Well, bliss may be a little strong. The towpath is heavily worn; there's been a lot of traffic stumbling dazed along, folk carrying their glacial pop wares to market.
There's some good life advice here - "Don't dwell on who won't dwell on you" from the title track. Aside from that, I can pick out references to skeletons and rainbows and the tune broods in a pretty way, not too much turmoil - but that dislocated, medicated Sound of the Tweenies. (This decade's refusal to neatly line up into a handily historical decade label frustrates.) "Hopeless" doesn't really sound very hopeless, although the vocals have a sweet, monotonous quality that I quite like. I think it's more swooing love stuff - "Hopeless I know.. I can't hide from you." Awwhh. "At Twilight" (maybe sitting watching it in the pictures?) Pontefract/French singer Amelia Rivas (Liqourice Fields not included) moans "make me melancholy". Is this an attempt to bridge the gap from where they are to the feelings they want? Is that what pop songs always are?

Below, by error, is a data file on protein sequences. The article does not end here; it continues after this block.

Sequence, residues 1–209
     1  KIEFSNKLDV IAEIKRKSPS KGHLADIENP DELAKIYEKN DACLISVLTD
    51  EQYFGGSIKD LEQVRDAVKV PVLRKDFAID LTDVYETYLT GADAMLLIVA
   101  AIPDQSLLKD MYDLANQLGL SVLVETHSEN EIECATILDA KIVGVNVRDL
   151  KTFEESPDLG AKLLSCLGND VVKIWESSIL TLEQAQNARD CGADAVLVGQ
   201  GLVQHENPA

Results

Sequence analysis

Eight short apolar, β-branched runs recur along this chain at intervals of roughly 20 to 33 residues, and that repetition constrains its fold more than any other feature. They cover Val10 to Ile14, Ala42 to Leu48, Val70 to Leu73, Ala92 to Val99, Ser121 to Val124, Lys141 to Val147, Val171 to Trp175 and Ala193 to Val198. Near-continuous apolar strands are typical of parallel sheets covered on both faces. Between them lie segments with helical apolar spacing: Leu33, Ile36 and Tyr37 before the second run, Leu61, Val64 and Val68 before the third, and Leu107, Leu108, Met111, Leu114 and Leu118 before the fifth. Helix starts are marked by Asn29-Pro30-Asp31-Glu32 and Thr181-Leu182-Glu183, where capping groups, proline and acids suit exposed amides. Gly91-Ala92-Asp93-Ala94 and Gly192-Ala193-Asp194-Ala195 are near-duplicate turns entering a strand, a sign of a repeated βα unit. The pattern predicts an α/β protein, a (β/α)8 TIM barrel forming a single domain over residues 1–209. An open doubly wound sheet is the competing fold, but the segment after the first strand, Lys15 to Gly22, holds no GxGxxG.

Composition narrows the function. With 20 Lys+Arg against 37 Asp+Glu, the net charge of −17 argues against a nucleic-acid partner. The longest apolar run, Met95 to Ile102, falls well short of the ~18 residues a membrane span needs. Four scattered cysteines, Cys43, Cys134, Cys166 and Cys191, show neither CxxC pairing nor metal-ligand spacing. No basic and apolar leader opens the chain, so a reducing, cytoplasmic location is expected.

So maybe it's that teenager-in-love-playing-it-cool situation then. The powerlessness (both in the ennervated singing and the amount and tenure of the lyrics) could be an interesting theme. Perhaps there's a thesis in there somewhere - Agency in Pop: The Language of Power in Tweenies Synth Pop. Perhaps not.
Yours continuing to fall between the stools of cultural criticism and wide-eyed "awh, shunks!" impressionist bullshit...
Rating: Icebergs out of Molehills